My daughter who is 2 1/2 has a habbit of grabbing our cordless. As we can't really put it out the way without putting in extra cables we just leave it disconnected. The batteries are on their last legs anyway and we generally use our mobiles.
After all, a BT line is just for broadband right? ;-)
It might be that it's standard procedure, in case someone else is in the house (kidnapped? rape victim?), tried to phone for help, and had the phone taken away from them.
Unlikely, but might be on their list to check just in case.
Can you imagine the furor if the victim was found later after the cops had been in the house but left again without searching?
Why are commentors nagging about search warrants? If you let the police in, they are in; if you refuse, they need the warrant. If they have an emergency mandate (911call) to enter, again they are in.
Or are you argueing the law should be changed and emergency should turn a blind eye to absolutely everything except what coincides with the text on a paper report? "Sorry ma'am, we got a report of no. 110 on fire, so we can't help you at no. 112 unless you file a report"?
Smell? Depends where it is, though. I would have thought he'd have them up in the attic/down in basement with all the necessary hydroponic wotnots. The panic in his eyes would probably be more of a signal, and anyway as many have pointed out the cops would do a search as a matter of routine in the circs.
Lots of people making same points here by the way so I'm nixing a few just so it's only slightly repetitive and not endlessly so.
Not every country is like the US where the police need a warrant for any search regardless of the reason. In countries whose law system is similar to English common law, the police have the right to enter buildings under certain circumstances without a warrant. I don't know the details of the law, but this would have to be one of those cases, otherwise the whole thing would get thrown out of court straight away. It is one of the reasons you have the enforcement arm and judiciary strictly separate - it means it's harder for the police to break the law and get away with it.
RCMP are required by procedure to search any residence in the event of an aborted 911 call.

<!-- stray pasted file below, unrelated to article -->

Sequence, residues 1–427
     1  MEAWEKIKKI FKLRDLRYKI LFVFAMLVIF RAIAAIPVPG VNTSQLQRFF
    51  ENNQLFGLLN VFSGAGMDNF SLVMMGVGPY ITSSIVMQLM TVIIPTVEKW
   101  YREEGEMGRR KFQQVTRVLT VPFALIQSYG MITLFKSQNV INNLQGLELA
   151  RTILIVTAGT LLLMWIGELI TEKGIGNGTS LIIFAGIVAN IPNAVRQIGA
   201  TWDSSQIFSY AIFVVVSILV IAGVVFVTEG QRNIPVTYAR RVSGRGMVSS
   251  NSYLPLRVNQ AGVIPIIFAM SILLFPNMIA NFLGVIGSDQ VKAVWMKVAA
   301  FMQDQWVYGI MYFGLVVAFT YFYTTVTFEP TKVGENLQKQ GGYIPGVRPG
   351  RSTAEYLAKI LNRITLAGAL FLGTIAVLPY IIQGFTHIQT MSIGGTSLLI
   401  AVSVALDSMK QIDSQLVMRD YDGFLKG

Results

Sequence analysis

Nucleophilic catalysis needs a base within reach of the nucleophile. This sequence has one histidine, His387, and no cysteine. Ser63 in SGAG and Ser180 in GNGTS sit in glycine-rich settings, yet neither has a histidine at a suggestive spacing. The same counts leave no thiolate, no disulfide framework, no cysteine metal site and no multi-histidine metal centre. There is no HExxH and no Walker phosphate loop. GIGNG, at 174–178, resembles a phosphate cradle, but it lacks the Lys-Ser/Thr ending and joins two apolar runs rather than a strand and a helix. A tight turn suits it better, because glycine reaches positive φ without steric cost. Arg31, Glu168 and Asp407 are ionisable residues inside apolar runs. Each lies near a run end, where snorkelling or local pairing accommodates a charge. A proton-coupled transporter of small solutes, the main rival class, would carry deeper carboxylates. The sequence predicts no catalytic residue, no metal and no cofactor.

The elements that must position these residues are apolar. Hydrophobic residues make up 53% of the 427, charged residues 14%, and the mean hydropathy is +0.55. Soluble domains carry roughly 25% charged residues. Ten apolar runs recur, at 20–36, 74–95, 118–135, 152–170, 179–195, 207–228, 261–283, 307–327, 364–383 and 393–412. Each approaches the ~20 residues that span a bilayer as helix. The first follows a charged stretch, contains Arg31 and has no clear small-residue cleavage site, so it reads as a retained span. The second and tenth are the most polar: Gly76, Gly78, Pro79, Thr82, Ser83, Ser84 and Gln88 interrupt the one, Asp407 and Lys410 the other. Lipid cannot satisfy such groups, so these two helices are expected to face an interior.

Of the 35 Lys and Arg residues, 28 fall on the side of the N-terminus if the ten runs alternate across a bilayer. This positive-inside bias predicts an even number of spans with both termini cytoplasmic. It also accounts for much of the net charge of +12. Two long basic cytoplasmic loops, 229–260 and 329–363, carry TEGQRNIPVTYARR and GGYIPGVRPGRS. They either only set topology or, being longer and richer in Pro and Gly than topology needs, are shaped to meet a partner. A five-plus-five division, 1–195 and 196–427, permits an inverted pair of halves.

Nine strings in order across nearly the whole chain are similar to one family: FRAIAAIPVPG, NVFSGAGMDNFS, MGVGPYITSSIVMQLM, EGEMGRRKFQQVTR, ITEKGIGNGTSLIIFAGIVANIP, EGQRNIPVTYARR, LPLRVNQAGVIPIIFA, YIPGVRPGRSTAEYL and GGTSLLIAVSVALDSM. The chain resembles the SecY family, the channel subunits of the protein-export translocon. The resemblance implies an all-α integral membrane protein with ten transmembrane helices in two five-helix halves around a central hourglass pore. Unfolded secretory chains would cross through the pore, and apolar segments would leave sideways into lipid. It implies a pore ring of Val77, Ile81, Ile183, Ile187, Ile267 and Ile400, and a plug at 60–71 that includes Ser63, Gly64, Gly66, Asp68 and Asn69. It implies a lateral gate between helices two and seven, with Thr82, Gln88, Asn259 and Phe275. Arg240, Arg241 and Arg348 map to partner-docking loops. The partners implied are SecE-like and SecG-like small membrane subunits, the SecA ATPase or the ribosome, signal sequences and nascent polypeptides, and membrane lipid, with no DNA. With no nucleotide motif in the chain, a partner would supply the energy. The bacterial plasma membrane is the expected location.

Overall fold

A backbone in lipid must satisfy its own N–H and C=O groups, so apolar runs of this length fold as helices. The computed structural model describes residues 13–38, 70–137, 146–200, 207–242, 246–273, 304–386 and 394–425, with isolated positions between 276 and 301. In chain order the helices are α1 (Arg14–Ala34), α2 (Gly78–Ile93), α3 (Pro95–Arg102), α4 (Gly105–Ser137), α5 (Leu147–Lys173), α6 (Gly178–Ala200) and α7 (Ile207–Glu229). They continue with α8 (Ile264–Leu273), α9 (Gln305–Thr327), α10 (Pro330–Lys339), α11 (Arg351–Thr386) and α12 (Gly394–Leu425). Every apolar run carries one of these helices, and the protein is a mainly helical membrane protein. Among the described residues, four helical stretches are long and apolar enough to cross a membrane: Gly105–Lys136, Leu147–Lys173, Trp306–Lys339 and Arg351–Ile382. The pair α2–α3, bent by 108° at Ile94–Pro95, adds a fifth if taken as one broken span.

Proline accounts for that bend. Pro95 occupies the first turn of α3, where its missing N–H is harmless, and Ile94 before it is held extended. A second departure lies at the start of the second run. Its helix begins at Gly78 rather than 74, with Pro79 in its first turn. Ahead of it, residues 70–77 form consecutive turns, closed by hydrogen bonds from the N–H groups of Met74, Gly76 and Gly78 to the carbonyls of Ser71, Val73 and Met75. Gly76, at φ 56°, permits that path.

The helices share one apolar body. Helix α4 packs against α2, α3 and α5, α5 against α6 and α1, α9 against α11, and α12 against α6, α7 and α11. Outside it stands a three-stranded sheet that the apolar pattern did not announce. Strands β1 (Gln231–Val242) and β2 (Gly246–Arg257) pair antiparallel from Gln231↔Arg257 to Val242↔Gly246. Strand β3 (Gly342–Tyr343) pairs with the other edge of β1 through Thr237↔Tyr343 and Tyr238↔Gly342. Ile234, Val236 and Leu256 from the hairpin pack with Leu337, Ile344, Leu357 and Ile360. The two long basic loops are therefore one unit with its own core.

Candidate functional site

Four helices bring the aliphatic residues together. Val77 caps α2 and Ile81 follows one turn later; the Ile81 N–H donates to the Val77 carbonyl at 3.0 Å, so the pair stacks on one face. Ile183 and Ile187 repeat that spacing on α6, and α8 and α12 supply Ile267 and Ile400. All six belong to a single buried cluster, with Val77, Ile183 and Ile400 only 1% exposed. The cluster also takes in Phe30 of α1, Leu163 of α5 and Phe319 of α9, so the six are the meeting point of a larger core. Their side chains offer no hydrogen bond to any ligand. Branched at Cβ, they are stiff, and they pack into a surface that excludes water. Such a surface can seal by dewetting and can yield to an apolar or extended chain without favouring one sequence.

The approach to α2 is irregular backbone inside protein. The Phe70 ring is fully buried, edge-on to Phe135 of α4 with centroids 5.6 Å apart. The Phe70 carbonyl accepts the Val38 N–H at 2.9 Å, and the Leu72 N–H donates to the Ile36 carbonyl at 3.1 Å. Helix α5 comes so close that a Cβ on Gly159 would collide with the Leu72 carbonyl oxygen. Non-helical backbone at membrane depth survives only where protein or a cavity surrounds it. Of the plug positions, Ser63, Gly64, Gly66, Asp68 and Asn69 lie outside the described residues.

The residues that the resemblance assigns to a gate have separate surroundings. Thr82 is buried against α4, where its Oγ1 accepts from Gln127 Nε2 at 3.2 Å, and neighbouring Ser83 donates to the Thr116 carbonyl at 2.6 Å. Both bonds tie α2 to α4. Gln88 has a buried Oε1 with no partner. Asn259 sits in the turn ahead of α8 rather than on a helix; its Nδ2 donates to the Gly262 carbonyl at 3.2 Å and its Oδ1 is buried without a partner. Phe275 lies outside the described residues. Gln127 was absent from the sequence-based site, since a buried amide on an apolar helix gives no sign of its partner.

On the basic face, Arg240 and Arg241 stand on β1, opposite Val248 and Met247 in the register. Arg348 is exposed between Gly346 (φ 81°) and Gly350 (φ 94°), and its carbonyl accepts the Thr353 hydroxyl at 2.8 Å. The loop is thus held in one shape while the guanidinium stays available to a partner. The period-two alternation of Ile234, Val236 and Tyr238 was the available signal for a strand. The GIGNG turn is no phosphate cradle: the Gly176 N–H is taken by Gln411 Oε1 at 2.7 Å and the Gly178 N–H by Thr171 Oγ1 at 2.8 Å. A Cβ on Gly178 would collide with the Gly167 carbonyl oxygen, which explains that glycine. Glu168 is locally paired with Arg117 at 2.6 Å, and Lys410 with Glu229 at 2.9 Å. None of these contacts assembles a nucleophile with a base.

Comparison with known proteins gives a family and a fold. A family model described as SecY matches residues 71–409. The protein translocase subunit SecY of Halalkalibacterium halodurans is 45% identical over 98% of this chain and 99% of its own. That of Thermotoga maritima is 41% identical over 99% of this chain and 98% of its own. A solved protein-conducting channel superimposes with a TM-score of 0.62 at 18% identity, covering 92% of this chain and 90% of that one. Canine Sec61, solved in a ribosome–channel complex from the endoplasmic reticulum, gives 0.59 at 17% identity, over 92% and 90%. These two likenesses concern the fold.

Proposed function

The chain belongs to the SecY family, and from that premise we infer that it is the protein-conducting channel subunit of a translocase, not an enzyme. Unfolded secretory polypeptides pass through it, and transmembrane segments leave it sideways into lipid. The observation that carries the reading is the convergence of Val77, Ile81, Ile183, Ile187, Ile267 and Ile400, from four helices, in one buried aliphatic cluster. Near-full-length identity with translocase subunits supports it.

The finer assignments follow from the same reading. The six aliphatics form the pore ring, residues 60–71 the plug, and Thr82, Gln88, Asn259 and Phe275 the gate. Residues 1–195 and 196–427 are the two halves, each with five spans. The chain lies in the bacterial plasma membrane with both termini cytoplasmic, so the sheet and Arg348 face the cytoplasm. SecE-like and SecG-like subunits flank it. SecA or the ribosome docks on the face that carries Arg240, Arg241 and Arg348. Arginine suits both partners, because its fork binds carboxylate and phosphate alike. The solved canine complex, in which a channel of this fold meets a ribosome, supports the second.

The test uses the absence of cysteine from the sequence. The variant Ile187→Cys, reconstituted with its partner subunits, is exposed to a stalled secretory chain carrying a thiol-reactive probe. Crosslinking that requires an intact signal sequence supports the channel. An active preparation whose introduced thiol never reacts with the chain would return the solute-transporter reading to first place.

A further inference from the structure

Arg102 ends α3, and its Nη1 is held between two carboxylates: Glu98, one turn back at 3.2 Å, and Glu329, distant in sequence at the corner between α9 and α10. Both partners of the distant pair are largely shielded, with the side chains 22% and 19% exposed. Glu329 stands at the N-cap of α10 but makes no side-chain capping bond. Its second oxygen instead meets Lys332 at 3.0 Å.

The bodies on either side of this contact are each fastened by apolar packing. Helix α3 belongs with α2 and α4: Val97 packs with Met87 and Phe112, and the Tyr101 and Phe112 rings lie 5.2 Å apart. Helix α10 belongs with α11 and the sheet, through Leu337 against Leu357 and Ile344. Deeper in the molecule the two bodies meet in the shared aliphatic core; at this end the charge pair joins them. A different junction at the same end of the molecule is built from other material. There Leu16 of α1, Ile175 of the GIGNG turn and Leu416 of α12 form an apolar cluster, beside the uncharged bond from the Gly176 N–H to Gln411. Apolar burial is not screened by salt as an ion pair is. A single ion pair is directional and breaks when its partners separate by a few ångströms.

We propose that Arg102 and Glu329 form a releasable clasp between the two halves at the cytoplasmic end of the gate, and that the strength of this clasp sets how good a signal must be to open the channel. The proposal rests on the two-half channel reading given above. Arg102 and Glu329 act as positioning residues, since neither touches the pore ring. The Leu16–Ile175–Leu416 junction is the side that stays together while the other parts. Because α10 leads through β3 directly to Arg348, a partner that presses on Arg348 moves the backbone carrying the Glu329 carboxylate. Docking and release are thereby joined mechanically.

There was a case recently where this procedure was not followed, a woman died, and a police dispatcher was terminated.
Canadian police work with local power companies to find grow ops by looking for houses using far more power than their neighbours.
White Rock is a fairly expensive area, with large houses over 3000 Sq feet is not uncommon.
BC pot is some of the best in the world... Or so I am told.
Possession is technically illegal, but is almost never charged.
There are many places where you will regularly smell people smoking pot, but the cops really don't seem to care.
Square root of 500 will tell you that one halfway decent-sized room should be way sufficient, just roughly 23 rows of 22 pots each. Maybe, despite the locale, he was growing some dwarfish Mexican weed instead of the sky high Canadian cash crop, takes even less space.
Dude, where's my phone?!
"There was a case recently where this procedure was not followed, a woman died, and a police dispatcher was terminated."
Well, I suppose it makes a change from the NZ proceedure, where on one occassion the Police response to a 111 call from a distressed female was to send a taxi - the caller has never been seen since, dead or alive.
From the article i guess this is a second house and not the family home as the mother 'apparently' was not aware of the growth.
On the smell topic, it is possible to hide. A few people i have known over the years kept plants in their cellar and no smell in the house... a few though did smoke weed in the house though so this would be a dead giveaway of them being pot smokers anyway... takes days and open windows to get rid of the smell... opening the windows just as the cops arrive isnt going to help.
Loki: "From the article i guess this is a second house and not the family home as the mother 'apparently' was not aware of the growth"
Er, possibly yes if they were a nice 1950's style nuclear family. In the fractured modern world they're probably separated (hell they may not have been a couple for much more than the time it took to conceive) and loathe to visit each other .
Robert Moore: "There was a case recently where this procedure was not followed, a woman died, and a police dispatcher was terminated"
With extreme prejudice? Harsh, but fair.